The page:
The front suspension also struggled a bit over the corrugations but nothing like the rear. The front forks do not have any adjustability but I think going to a higher viscosity fork oil would reap noticable improvements.
The performance of the Zongshen 250cc single motor has impressed me overall. The RX3 is designed and marketed as an adventure tourer rather than a rocketship enduro and as such is not in the same performance class as a WR250 for example but the performance is comparable to our DRZ-250, especially considering on paper it’s carrying a lot more weight.
With a top speed of ~120km/h (indicated 130) the RX3 will sit at NZ open road speeds. 100km/h is just under 7000rpm with a 9000rpm redline. Under 7000rpm the motor is smooth however once over 7000rpm you can feel a buzzing vibration in the handlebars. It’s not a bad vibration and unless you are speeding you are unlikely to be sitting constantly at those revs for any extended period of time.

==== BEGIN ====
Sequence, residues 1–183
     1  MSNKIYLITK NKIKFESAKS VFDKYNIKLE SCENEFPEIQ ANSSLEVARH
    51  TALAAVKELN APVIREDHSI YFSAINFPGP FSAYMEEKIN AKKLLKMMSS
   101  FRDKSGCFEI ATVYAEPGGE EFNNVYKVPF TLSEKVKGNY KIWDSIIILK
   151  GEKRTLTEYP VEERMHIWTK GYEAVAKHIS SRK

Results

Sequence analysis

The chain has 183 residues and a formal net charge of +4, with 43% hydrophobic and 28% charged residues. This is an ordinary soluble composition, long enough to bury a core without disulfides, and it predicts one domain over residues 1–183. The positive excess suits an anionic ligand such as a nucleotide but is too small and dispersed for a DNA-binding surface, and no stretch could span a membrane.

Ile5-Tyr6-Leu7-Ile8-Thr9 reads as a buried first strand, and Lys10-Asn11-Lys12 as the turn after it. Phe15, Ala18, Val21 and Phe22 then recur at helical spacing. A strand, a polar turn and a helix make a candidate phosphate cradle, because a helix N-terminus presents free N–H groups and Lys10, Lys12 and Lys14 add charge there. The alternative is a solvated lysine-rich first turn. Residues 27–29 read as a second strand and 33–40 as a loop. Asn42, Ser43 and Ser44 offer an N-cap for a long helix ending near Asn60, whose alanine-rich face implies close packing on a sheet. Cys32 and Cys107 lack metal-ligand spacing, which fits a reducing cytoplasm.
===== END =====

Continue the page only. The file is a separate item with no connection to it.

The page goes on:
This test bike could only be described as rattly at idle but its smooth when moving. The gearbox could be described as clunky in feel but this gives it a very positive feel when engaging a gear, there’s no guessing whether you’ve got it right or not or found a mystery neutral, you KNOW it’s in gear, moving between gears was very smooth and effortless.
In regards to the weight I’ve found the RX3 to be well balanced with a low center of gravity.
The RX3 on Old Mountain Road
The Zongshen single cylinder 250cc motor and the factory standard crash bars
Beside the Toothbrush fence.
These retail in the USA for $3500 which converts roughly to $5000NZD. I would think they would need to be priced closer to this to take off in NZ. It will be interesting to see how you find it on and off the road and if they are capable of doing high kms.